As per realities on the ground the export growth during the current financial year has been disappointing. In order to achieve the annual target of 10 billion dollars, the country needs to raise its exports during the remaining six months by 30 per cent. This is a tough challenge, more so because of the economic recession that has started gaining ground in the US market. However, the new strength which the Euro seems to have attained in the recent months gives ground for hope that what Pakistan stands to lose in the US market because of the recession there would be more than made up in the European markets. But in order to make the most of the European markets, the exporters need to double their efforts in the spheres of production, planning and management, standardization and quality improvement. At the same time, the government needs to create the right kind of environment for the exporters to function without the hassle of being confronted with unnecessary roadblocks in the shape of arbitrarily determined taxes, levies and duties which adversely affect the price competitiveness of many of the export products. Over the years, successive governments in Pakistan have created a complex structure of tax administration made totally incomprehensible by multiple rates and self-contradictory SROs which can be used by the unscrupulous in the CBR to either discourage legitimate economic activity or to favour individuals or groups for a price. The system has created vested interests inside the CBR as well as in the private sector, both of which profit from its continuation. When the interests of the unscrupulous in the CBR are threatened, they come up with the argument that the reforms of the kind needed to have more appropriate tax structure would cause the revenue incomes to fall which would affect the budgetary position forcing the government to borrow and which in turn would result in violation of the IMF conditionality on budgetary deficit.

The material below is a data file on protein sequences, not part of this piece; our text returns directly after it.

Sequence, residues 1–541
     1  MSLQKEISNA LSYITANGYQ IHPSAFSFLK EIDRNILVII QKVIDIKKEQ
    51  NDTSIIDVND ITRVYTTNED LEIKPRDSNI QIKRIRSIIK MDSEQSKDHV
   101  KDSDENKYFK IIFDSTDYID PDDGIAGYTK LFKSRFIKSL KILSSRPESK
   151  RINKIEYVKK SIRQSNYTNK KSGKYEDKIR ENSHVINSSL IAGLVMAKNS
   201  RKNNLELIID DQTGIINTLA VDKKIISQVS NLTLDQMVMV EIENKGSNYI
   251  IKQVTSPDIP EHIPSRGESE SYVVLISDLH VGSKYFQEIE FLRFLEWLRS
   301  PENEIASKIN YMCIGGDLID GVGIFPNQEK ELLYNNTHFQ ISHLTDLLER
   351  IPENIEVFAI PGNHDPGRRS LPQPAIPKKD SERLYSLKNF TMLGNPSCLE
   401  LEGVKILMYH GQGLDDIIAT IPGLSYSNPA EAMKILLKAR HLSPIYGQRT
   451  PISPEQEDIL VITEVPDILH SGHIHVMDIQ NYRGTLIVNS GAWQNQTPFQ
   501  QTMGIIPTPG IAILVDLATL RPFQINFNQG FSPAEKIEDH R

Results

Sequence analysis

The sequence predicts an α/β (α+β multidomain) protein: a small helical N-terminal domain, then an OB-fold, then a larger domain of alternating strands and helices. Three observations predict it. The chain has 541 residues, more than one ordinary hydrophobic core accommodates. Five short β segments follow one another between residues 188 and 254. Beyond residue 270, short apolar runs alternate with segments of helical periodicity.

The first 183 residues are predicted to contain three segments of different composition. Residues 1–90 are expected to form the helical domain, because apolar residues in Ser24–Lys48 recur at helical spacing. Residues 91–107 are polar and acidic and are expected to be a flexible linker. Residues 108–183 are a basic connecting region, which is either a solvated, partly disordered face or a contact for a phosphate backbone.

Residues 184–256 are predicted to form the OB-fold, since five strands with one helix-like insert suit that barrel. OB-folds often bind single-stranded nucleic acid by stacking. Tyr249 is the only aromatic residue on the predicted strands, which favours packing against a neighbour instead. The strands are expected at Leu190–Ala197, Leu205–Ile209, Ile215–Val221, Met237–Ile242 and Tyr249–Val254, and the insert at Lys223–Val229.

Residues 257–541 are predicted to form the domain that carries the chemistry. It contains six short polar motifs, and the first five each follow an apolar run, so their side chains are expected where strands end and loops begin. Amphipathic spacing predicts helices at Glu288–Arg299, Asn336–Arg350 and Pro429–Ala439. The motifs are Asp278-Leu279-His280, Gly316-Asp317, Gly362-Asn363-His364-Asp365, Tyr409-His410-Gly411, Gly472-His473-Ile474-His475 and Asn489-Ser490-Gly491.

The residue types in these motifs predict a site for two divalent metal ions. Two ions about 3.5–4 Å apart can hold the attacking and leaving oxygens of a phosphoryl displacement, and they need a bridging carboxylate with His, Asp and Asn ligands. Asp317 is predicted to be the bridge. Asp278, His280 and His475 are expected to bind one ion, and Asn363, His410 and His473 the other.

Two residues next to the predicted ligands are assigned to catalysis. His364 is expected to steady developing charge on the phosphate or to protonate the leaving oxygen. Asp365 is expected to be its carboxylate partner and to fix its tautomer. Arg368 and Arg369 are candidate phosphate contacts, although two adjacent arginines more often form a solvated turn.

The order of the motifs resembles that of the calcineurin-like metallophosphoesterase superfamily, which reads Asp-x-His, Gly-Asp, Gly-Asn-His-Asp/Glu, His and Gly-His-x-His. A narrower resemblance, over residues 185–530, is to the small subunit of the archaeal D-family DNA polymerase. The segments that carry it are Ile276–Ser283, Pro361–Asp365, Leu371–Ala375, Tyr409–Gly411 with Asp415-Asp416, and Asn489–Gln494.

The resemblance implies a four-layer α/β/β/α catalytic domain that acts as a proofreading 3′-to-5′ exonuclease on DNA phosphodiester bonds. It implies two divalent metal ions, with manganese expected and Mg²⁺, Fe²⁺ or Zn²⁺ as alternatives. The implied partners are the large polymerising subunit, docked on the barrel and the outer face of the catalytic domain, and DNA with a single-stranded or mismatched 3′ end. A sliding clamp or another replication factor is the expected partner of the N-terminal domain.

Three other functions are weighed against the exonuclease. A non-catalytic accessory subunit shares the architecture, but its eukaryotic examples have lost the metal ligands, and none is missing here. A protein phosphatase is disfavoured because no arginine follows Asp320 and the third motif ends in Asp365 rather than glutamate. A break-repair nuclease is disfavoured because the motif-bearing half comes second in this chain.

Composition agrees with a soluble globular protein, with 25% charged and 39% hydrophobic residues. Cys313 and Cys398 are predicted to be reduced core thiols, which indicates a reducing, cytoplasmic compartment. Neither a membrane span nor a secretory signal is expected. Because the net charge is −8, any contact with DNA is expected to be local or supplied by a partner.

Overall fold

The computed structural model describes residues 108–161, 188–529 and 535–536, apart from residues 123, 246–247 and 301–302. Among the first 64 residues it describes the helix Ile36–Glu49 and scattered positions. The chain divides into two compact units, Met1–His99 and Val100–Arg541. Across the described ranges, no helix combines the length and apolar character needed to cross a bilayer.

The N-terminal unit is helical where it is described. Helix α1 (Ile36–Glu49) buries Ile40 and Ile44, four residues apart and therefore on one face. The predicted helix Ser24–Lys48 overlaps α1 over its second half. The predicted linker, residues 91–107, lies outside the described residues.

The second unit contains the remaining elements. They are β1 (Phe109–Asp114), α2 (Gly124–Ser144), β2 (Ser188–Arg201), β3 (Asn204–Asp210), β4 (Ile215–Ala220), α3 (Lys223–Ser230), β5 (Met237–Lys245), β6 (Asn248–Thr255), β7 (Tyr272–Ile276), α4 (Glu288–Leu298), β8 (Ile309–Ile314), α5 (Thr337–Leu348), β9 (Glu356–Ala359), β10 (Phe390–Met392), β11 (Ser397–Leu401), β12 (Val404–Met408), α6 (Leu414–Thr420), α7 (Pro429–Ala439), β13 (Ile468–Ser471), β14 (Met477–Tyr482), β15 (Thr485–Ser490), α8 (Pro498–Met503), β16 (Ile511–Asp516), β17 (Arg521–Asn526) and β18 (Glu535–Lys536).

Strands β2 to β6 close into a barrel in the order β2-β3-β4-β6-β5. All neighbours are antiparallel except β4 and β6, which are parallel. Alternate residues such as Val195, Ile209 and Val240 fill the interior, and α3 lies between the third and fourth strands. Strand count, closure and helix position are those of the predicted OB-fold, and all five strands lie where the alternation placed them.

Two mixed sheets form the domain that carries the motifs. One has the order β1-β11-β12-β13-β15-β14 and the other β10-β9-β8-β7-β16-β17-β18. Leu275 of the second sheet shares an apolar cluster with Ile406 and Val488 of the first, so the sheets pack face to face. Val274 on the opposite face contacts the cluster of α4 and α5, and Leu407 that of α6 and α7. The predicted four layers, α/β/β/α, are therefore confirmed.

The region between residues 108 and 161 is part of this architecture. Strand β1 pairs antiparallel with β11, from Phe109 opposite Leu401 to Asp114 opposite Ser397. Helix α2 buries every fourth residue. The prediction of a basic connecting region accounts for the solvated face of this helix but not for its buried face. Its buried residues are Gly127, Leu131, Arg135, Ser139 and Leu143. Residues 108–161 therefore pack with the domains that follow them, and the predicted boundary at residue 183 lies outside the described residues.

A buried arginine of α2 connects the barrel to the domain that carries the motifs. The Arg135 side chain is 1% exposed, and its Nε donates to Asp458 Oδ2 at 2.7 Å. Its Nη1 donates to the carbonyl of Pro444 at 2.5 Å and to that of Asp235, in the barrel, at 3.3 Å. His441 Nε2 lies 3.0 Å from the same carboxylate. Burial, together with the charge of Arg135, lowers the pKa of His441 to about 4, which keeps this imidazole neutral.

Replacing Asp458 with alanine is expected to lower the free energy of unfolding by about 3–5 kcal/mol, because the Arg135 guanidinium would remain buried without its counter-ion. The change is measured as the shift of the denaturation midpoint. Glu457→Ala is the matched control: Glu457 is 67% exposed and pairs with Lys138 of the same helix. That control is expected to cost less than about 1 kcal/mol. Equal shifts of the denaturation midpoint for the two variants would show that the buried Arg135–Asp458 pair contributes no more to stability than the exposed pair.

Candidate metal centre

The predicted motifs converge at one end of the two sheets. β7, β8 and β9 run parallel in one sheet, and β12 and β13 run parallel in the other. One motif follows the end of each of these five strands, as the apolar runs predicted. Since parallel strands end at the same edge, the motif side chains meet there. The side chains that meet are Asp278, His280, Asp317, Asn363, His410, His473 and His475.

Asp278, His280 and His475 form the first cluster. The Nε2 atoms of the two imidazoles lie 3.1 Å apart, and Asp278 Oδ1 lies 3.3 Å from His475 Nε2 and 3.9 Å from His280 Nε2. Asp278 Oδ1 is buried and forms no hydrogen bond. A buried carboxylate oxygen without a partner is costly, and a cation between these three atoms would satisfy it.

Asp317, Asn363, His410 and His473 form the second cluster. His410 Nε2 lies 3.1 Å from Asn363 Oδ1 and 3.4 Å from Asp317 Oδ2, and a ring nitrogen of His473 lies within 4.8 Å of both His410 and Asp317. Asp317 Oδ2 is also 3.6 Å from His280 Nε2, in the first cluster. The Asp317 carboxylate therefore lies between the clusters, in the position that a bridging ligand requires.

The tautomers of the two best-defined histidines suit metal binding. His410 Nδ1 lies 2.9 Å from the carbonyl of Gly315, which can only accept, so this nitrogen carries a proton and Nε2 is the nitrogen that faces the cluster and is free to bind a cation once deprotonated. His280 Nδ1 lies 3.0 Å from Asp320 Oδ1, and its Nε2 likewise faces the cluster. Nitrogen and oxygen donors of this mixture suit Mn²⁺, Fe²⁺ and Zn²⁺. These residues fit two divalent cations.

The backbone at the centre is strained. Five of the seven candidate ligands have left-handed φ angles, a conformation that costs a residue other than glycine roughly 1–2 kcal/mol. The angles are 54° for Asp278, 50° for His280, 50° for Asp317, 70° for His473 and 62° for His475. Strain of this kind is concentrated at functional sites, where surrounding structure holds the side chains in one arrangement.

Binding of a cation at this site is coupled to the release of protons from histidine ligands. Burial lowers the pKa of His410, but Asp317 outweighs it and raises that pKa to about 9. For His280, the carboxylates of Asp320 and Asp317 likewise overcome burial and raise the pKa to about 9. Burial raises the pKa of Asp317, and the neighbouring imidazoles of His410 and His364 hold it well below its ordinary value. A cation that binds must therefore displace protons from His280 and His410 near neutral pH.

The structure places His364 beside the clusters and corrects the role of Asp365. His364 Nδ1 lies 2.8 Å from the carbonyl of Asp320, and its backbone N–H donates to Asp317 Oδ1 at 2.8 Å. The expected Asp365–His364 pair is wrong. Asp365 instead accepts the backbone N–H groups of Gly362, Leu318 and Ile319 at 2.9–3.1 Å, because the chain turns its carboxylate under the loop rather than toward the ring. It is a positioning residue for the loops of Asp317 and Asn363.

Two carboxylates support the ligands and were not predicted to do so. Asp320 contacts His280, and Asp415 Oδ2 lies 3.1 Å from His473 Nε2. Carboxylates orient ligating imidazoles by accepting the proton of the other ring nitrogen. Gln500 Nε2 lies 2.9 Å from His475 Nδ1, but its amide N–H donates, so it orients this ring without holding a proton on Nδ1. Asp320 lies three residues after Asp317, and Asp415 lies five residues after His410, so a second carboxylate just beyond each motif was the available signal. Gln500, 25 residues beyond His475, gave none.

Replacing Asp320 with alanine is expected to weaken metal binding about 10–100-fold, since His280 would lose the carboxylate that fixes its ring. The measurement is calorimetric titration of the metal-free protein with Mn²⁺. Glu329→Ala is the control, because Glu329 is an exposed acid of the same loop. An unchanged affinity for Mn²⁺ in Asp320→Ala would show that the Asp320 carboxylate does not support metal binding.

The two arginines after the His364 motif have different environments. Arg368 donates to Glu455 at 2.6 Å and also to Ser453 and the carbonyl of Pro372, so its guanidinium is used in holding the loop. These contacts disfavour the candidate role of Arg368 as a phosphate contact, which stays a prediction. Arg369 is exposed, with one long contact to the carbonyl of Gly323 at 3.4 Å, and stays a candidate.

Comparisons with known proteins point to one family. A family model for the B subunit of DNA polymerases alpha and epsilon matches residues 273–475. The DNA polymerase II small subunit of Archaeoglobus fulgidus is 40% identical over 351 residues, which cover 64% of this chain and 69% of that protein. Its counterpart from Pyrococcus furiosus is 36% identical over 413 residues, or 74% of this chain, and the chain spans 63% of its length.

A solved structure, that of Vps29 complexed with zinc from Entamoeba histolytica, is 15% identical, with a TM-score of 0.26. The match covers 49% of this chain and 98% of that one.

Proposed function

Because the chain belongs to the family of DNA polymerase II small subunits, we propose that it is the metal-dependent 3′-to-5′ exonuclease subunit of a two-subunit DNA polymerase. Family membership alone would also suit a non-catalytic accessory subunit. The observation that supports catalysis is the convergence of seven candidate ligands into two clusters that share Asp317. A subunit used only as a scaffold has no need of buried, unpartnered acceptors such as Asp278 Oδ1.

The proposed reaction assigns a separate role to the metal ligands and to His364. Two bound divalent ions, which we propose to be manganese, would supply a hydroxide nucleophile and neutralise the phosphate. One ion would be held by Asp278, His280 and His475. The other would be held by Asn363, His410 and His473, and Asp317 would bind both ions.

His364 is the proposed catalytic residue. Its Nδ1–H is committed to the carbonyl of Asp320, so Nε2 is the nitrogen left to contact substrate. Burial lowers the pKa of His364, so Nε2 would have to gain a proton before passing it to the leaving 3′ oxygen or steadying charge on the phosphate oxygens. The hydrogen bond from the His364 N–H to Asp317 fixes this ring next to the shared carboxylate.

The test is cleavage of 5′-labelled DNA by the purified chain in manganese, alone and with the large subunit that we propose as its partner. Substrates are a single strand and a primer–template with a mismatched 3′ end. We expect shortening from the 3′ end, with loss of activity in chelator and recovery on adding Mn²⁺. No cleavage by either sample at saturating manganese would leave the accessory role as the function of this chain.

On the other hand, when the interests of those individuals or groups which profits from this system are threatened they come up with the argument that any rationalization of the system would only discourage economic activity, especially exports which are needed to meet the balance of payments gaps and which otherwise would have to be filled with foreign commercial borrowings at expensive rates. Successive finance ministers, including the present incumbent, have been promising to reform this system by reducing the number of taxes and their rates as well as by making them easier to understand and apply. But to be confronted with the same problem even in the month of January, 2001, is a matter of grave concern. Unless this issue is tackled in the right earnest and urgently, Pakistan's economy would continue to stagnate and the target of 10 billion dollars of exports would continue to elude us, no matter what arrangements are put together on an annual or six monthly basis to overcome the so-called irritants".